We had choir members there. We always sang good gospel songs, prayed and read our bibles too. We were given tons of clothes too, which I liked very much. We had clothes for all seasons. A barge came during the summers to drop off clothes that came from out of state. We dressed nicely for service and always kept clean.
One day a staff member told me I need to go home to help my mother. My heart began racing because I was in the Children’s Home for years. I quickly got my things packed. When I got into the boat my brother wasn’t there. They weren’t taking him with me. I did not want to leave him behind – I felt helpless! He wasn’t able to go home with me. We were under the government’s control back then.
As much as I wanted to take my brother home with me I was unable to. I cried all the way to Bethel by boat from the Children’s Home near Kwethluk. I began to ask God why? Why are we under control? Why cannot my brother come home with me? I was so heartbroken, I continued to pray for my brother’s safety and well-being.
After arriving in Bethel I found out my mother was living here. It was great to reconnect with my mom! It felt like a hundred years had passed by. Mommy and I cried together during our reunion. We were very heartbroken about my 5-year-old brother Moses Wassillie not being able to reunite with us.
Years passed and we never heard about my brother so we decided to talk to the Moravian Mission and asked them how my brother was doing. They told us that he was in high school and in Mt. Edgecumbe in Sitka Southeast Alaska. I became angry. It was like they owned him and didn’t care that he had a family.
I attended the Bethel Public School. The BIA teachers punished kids in school for speaking their native language. I did my best to behave and not get into trouble. After school I decided to get some side jobs to help my mother make ends meet.
I worked in restaurants as a dishwasher and waitress. Back then we didn’t earn much, I think it was 50 cents a day or a dollar a day. But I used the money to purchase milk, tea, food and whatever my mom needed.
I decided to quit school. I made it to the 6th grade and wanted to help out my mother in return because I loved her very much. She took well care of me growing up, I was never left hungry nor cold. So I worked at the restaurants and helped out my family until my stepdad came back.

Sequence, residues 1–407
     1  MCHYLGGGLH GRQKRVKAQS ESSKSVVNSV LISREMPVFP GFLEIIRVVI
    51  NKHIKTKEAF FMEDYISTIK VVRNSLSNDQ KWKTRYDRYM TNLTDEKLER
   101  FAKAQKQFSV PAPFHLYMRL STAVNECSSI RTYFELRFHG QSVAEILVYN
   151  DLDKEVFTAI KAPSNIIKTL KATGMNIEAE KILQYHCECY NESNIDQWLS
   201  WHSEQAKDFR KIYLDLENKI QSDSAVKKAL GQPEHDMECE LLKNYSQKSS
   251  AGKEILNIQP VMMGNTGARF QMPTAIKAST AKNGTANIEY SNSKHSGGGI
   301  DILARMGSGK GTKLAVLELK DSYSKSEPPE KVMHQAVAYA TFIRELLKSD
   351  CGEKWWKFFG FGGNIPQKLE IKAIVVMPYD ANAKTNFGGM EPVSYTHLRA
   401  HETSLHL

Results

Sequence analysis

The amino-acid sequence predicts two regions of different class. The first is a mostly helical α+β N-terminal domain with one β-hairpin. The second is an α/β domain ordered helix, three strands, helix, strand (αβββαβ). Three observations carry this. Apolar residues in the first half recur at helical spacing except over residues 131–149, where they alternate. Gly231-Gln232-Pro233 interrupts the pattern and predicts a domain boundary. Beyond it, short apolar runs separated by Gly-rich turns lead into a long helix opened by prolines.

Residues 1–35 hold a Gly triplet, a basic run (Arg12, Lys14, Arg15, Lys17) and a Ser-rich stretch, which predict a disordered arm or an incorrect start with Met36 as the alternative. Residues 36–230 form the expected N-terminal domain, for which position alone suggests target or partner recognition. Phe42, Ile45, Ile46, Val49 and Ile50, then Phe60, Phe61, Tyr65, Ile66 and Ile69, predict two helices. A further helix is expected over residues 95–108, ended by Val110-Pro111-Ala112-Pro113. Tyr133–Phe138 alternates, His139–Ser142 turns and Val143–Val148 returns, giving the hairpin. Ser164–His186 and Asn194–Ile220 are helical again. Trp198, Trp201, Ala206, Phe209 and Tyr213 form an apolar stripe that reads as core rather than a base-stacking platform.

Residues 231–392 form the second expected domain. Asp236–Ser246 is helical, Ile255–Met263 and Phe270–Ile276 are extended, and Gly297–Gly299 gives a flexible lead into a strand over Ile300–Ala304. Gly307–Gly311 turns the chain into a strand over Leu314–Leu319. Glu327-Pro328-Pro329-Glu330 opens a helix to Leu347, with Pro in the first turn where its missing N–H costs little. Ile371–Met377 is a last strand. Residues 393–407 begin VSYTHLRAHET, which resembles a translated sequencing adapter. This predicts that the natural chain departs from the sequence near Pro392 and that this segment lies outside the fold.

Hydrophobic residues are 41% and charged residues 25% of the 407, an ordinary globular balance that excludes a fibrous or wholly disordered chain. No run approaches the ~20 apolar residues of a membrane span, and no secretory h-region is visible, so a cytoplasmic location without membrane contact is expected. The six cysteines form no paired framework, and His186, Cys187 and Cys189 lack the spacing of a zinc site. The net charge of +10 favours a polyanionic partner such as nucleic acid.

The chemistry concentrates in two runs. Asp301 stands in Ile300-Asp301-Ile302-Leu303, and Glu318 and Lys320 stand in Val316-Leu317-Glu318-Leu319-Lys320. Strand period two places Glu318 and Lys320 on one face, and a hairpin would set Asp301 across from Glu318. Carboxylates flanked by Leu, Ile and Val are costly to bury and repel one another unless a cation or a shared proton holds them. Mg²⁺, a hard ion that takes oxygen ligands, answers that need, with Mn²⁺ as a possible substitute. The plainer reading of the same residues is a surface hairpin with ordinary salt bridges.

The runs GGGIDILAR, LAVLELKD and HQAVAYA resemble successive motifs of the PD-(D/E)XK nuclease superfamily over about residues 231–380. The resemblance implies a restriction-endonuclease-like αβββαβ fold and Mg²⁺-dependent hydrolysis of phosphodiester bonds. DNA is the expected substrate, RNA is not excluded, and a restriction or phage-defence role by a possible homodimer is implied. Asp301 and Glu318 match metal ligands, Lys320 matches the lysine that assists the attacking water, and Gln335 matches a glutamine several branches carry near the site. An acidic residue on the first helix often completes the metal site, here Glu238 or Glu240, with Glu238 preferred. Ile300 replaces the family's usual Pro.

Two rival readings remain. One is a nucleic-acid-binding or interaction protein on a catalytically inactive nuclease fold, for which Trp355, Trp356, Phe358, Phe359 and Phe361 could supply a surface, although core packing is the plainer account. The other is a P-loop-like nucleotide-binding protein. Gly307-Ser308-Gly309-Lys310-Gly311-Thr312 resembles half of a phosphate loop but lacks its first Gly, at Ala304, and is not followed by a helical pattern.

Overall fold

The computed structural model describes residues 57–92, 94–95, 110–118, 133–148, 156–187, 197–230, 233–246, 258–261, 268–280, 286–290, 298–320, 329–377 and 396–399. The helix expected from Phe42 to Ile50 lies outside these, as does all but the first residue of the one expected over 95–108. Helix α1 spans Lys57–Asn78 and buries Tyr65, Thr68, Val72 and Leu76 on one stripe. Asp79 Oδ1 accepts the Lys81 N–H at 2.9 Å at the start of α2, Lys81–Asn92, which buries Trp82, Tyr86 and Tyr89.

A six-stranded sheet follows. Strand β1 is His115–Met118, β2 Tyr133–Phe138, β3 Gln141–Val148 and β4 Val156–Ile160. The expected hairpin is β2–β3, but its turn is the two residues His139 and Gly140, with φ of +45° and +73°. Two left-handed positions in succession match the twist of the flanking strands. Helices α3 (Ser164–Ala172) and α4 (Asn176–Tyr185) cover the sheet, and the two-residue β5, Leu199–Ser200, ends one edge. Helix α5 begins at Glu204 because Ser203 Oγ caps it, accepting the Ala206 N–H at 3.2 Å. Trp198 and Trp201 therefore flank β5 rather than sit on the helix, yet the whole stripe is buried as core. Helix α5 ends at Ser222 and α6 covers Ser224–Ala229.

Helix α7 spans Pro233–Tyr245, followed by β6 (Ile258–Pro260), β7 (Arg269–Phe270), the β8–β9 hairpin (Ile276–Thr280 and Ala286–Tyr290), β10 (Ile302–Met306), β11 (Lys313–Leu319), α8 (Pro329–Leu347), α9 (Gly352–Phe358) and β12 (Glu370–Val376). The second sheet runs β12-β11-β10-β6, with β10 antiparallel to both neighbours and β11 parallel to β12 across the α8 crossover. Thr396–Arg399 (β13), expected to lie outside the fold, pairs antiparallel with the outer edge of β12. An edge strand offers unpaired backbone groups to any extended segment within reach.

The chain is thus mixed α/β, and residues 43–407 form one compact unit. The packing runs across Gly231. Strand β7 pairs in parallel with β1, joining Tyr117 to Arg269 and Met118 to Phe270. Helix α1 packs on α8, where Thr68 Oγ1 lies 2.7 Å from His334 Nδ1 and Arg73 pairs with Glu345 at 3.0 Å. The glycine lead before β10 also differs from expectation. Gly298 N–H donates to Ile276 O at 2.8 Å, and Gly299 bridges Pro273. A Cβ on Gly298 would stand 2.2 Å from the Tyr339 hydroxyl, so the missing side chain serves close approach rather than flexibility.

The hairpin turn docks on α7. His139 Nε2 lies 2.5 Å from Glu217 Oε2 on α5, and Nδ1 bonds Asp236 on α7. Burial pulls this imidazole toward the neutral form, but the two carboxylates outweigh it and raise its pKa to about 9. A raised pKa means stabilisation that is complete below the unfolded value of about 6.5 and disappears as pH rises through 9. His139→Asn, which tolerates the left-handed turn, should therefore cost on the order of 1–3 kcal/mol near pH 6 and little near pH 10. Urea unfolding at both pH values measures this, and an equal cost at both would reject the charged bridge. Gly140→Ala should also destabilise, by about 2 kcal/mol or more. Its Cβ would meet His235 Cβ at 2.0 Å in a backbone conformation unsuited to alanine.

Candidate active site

The restaurants back then were the Tundra Shack, Joe Mendola’s, and the Roadhouse. People back in the day used to square dance and play music with old fashioned jukeboxes. Bethel also had live band music the players were Billy Pete, Buggy Wheeler and Tom Conquest.
I was 18 years old when I met Evan Green of Eek. Evan was a handsome man with skills. He was a mechanic for Wein Air and Samuelson’s Bush Air. He didn’t have an education but he was gifted and talented. We started talking about marriage and then married.
After our marriage I was 19 when we had our first child. Altogether we could have had 7 children: 3 boys and 4 girls. But I had 1 miscarriage. I stayed at home taking care of my children while my husband worked. For fun I loved to go fishing and berry picking and visiting with friends.
When my last baby girl was 3 years old my husband and I separated. I raised my kids speaking only English because of the abuse at the school for speaking our language was severe. We survived, said Esther, my kids and I survived even if I had to raise them alone. I deeply feared for my children because I witnessed abuse to students growing up.
Years later I ended up going to Nunapitchuk for my childhood friend Katie Roehl’s mother’s passing. When I got there I saw Katie! I forgot she was still alive. It was great to see Katie well and not ill from TB. I remember when she was gone for a long time.
Years later Katie moved to Bethel with her husband. They became my neighbors in Slough. Esther laughed, this time I saw Katie with 3 little children. It was great to reconnect with her. Now to this day we are like sisters. I am thankful for her to be a huge part of my life. Through good times and in bad times Katie and I are there for each other.
Esther began talking about the tragedies in her life. It felt like my life shattered to pieces like glass when I lost my brother to the government. Later I lost my 8-year-old brother who died from poisonous water hemlock during spring at camp. My 3-month old baby died – that was very hard for me and my family. My sister was murdered here in Bethel by her boyfriend a long time ago. I had a daughter who had 2 children, they burned in a house fire and died. Later on 3 of my grandsons took their own lives. I was devastated every time. I was angry and I cried and shouted asking God why?! Why God why? Why God why? Why God do I have to suffer deeply? Why have I lost my family? What did I do to deserve this pain?